Pressure builds up with Thermal Expansion Tank

Discussion in 'Plumbing Forum, Professional & DIY Advice' started by gplumb, Mar 15, 2007.

  1. gplumb

    gplumb New Member

    Messages:
    32
    Location:
    North Carolina
    I just had a plumber install a hot water recirculation system with a dedicated return line to the water heater cold inlet and a pump at the water heater. The system woks great and I now get instant hot water at the most distant sink. A backflow valve was put into the cold feed to prevent hot water going back into the cold line from the return line (some say this isn't needed). A 2 gal. thermal expansion tank and a pressure gauge were added. The water heater has a 50 gal. capacity. Now the pressure gauge reads 68 psi after it settles down after opening a faucet. Then over time a few hours with no water use it creeps up to 92. Do you think the expansion tank is working or is it the Wilkins BR4 Pressure Reducing Valve? Since I never had a pressure gauge in the system (other than using a hose bib type occasionally), I may not have known this was happening. How can I isolate the cause of this.

    Thanks for any advice.:(
  2. jimbo

    jimbo Plumber

    Messages:
    8,997
    Location:
    San Diego
    Pressure creeping up is only an expansion issue if this happens as the water heater burner or elements are ON, heating up an infusion of cold water. It sounds like this is NOT your case.
    One question is this: Which side of that check valve is the expansion tank located on? Try turning off the pump and see if the problem recurs. If it does, it points to your PRV, and these do go bad. If the problem goes away with the pump off, that would point to an issue with the location of that check valve.
  3. gplumb

    gplumb New Member

    Messages:
    32
    Location:
    North Carolina
    Good tip. I will turn off burner, use some hot water and watch the gauge. The expansion tank is between the backflow valve and the tank (i.e., upstream). It does happen with pump off or on:) .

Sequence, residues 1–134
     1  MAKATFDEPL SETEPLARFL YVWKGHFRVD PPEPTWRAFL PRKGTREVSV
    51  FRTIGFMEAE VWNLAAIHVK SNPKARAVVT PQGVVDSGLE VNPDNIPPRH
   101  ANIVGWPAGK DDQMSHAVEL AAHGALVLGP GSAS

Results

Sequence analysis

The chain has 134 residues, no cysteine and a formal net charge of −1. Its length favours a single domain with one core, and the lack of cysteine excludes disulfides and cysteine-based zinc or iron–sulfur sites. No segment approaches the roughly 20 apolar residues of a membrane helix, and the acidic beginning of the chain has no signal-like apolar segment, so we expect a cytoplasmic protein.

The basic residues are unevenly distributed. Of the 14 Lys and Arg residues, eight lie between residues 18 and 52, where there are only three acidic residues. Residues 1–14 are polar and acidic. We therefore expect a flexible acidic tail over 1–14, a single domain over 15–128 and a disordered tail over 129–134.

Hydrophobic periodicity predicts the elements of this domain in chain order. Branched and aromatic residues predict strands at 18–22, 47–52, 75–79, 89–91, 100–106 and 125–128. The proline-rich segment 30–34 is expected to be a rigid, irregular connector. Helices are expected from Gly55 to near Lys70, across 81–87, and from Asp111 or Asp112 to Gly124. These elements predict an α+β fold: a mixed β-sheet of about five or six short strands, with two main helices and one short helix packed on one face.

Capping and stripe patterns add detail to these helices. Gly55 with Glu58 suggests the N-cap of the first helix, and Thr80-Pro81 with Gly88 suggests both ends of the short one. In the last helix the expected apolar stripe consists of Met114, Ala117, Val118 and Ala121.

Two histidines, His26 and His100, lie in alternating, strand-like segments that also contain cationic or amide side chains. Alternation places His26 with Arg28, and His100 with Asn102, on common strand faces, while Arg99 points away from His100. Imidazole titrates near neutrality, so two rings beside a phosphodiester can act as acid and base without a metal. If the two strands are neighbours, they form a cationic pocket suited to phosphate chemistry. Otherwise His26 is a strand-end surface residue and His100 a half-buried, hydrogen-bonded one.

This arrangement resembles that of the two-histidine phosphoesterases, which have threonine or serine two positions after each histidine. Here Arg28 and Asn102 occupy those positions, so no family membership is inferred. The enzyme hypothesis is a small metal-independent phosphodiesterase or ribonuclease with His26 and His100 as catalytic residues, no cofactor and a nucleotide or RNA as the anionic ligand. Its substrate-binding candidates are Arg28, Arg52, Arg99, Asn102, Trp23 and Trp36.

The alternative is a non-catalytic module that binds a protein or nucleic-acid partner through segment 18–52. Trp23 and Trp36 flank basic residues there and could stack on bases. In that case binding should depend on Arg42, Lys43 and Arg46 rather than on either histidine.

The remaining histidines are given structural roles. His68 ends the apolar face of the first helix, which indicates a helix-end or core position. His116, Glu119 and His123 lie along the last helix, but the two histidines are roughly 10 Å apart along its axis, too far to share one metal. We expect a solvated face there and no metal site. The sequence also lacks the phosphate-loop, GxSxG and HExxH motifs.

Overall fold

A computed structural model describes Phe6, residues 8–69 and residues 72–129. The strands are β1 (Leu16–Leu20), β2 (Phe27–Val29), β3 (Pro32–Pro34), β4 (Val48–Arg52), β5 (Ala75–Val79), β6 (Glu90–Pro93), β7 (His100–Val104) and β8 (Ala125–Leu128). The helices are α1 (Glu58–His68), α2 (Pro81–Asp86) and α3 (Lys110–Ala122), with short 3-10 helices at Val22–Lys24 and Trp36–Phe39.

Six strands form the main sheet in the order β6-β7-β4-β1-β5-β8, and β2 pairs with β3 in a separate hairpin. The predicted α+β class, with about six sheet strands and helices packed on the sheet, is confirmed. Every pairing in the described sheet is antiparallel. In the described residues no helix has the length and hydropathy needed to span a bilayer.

4. Bob NH

    Bob NH In the Trades

    Messages:
    3,317
    Location:
    New Hampshire
    There should be a 68 psi air charge in the tank when the tank has no water in it.

    Turn off the water supply, open a faucet to let the pressure out, and charge the air valve in the expansion tank to 68 psi.

    Close the facuet and turn on the water. Then watch your pressure gauge. It should reach a much lower pressure than 92 psi.

    If you still get 92 psi, then the PRV has failed or the expansion tank is too small.
  5. gplumb

    gplumb New Member

    Messages:
    32
    Location:
    North Carolina
    The pressure does creep up (to 80 psi so far) with the pump and water heater burner off so it looks like the pressure reducing valve (Wilkins BR4) is bad.

    Here is my plan. I will leave the pump and water heater burner off all night to see if I get 92 psi in the morning. If so I will have the PRV replaced. (My wife says don't even think about trying to put a new cartridge assembly in the PRV myself, but I'm tempted.....) Once the PRV issue is resolved I will proceed with checking the pre-charge on the expansion tank and make sure it is at the same pressure as the supply.:)
  6. jghart

    jghart New Member

    Messages:
    1
    Similar to problem I am having

    My new electric 55 gallon water heater has been leaking from the TPV since I installed it, come to think of it my old one may have been too. I had a plumber install a 5 gallon thermal expansion tank, but it did not take care of it so I took it off, made sure it was empty, matched the air pressure with the static water pressure (55 psi) and reinstalled it----and it worked better for a bit, but over time (2 hours) it creeps up to 145 psi. My old PRV is outside of my house in a covered pit and was installed 14 years ago when the house was built. Would you folks recommend that i put a new PRV in the cold water line just downstream of the main water shutoff (in the basement)? The other evidence that I think may indicate that the old PRV is not working is that, 3 times I went on travel for work and was gone 5 days each time. Before I left each time, I turned the water heater off at the circuit breaker, opened a faucet to get the water down to 55 psi--even took a shower one time to make sure to use up some already-heated water; then closed the faucet and when I came back from travel the pressure was back up to 145 psi. Any thoughts on anything I might be overlooking? Thanks, Jim
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